I was listening to a guy on the radio the other day talking about fatherhood. The man told a story about taking his kids to the store without his wife and how an older woman saw him and said: "Oh, it's so sweet that you give your wife a break and babysit the kids for her." He said how it was a big pet peeve of his that people call him a babysitter, and he said something like, "I'm not babysitting my kids, I'm fathering my kids."
I totally agree with this idea, but using the word father like that just doesn't feel right. If you do a COCA corpus search for mother as a verb, you will find many uses that mean to care for or to look after:
This is who we are. No, this is what we have done and continue to do. We labor in love. We do it. We mother.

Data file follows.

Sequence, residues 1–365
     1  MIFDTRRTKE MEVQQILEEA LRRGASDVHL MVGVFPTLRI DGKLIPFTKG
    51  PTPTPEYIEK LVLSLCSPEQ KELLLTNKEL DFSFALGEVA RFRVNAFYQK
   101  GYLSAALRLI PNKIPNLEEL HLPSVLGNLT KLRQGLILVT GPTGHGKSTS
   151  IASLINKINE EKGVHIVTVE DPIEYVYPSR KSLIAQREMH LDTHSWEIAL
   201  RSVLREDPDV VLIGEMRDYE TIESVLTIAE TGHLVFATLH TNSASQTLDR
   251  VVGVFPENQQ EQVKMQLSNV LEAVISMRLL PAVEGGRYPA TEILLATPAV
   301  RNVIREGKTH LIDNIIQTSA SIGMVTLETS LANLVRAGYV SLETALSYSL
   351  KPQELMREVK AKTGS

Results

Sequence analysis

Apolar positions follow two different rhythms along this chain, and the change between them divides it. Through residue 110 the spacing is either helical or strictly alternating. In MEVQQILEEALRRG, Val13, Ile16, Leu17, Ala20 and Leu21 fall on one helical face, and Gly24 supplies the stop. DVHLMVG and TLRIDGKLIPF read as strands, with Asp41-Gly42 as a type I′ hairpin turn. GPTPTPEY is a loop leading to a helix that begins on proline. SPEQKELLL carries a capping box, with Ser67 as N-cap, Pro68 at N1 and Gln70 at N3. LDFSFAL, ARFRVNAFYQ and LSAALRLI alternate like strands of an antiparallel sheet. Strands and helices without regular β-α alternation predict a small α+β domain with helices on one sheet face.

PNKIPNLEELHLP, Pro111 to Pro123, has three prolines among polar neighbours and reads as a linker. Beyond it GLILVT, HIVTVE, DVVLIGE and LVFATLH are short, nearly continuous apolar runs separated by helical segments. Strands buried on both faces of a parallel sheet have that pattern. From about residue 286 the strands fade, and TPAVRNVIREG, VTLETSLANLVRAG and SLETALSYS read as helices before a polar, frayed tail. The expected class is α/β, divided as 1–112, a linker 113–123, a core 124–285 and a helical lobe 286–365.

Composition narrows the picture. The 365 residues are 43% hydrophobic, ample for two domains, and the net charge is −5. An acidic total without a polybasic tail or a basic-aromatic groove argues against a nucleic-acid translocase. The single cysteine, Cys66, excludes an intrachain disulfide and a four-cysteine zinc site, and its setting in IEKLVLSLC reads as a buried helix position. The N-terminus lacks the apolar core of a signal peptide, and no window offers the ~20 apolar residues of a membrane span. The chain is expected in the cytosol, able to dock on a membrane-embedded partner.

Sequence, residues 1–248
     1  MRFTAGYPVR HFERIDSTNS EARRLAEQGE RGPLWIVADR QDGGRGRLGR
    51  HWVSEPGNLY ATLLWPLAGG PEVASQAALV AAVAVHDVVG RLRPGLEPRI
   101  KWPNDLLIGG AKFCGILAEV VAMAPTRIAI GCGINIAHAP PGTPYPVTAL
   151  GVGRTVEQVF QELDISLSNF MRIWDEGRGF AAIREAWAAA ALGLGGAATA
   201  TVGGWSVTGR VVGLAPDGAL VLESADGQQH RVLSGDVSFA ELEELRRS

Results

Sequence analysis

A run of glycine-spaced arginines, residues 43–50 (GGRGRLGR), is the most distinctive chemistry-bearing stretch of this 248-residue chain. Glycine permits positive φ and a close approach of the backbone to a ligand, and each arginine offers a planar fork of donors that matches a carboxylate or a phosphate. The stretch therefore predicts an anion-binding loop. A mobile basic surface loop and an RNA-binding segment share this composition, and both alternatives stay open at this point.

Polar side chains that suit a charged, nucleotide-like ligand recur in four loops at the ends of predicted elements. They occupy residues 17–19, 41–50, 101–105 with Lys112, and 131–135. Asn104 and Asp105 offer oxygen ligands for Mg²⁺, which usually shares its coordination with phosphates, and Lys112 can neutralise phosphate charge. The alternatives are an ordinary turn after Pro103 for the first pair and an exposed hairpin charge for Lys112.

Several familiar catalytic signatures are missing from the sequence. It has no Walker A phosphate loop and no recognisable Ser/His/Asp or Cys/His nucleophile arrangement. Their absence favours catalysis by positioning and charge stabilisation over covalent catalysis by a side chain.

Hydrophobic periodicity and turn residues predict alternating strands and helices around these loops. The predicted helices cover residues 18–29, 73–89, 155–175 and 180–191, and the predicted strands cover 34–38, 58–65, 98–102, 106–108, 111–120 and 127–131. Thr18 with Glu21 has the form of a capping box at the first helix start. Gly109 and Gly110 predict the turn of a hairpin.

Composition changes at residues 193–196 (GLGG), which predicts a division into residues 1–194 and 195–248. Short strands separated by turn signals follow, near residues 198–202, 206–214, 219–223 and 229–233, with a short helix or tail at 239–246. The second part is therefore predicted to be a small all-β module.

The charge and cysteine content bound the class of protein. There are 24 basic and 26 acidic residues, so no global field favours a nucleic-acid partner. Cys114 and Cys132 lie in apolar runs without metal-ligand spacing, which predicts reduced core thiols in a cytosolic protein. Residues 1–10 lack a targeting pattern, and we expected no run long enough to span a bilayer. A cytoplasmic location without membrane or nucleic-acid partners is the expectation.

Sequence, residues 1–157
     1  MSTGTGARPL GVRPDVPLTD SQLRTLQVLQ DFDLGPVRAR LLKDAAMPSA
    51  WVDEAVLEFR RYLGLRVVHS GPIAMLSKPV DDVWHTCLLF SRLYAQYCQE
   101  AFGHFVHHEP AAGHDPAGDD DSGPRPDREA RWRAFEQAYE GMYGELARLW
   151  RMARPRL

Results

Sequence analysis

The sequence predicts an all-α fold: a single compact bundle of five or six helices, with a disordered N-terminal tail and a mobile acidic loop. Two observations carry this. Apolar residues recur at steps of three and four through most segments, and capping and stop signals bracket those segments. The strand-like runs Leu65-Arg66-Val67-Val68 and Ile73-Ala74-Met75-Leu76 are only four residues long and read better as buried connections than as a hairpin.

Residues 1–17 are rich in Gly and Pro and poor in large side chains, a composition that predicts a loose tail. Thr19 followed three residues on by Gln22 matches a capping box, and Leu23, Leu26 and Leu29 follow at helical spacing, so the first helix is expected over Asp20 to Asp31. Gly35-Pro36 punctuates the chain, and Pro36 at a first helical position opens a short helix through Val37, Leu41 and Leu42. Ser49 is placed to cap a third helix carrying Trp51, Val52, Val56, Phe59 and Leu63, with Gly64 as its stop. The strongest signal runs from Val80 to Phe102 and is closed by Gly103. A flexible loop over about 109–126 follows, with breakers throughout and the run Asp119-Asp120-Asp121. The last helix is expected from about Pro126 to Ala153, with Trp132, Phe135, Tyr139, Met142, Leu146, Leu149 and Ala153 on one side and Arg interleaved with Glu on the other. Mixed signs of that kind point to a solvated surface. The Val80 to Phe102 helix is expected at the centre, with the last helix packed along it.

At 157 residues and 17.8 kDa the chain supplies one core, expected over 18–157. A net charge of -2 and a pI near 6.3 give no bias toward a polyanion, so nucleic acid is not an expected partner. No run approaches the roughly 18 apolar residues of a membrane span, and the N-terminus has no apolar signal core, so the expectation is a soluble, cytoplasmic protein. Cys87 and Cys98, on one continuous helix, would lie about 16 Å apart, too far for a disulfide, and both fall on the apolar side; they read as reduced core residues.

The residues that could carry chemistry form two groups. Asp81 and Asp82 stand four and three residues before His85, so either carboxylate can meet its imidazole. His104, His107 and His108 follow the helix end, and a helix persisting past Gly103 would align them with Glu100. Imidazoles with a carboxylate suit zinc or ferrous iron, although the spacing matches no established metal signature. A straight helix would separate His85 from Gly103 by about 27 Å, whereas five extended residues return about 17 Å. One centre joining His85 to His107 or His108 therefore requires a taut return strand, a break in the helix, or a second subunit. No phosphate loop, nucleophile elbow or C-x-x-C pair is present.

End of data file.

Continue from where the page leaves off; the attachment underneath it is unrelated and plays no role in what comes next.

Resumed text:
The judge, in that case, could've given him another eight years in jail, but instead, decided to place him on probation with this unusual stipulation: that he father no more children unless he can provide support. 
We can raise, parent, rear, look after, or care for our children, but none of these are specific to fathers. Does this tell us something about Western culture? Maybe it will get better if we look at collocations.
What is the #1 adjective to describe the word father?
(On a side note, the #1 adjective to describe mother is the word single.)
Hmmm... well, this is going downhill fast. It has to get better! What about the top ten words to collocate with father?
Happy Father's Day!
 Caroline Kennedy discussing an Elizabeth Alexander poem on NPR titled "Ode," which is about motherhood. I got this from the Corpus of Contemporary American English. If you use their search syntax, you can find words as a specific part of speech by typing
word.[part of speech code]
So for example:
- mother.[n] will search for all uses of mother as a noun
- mother.[j] will search for all uses of mother as an adjective, and
- mother.[v] to find all occurrences of mother as a verb (which is what I did for this entry).
 From NPR interview with Dennis Chaptman (2001)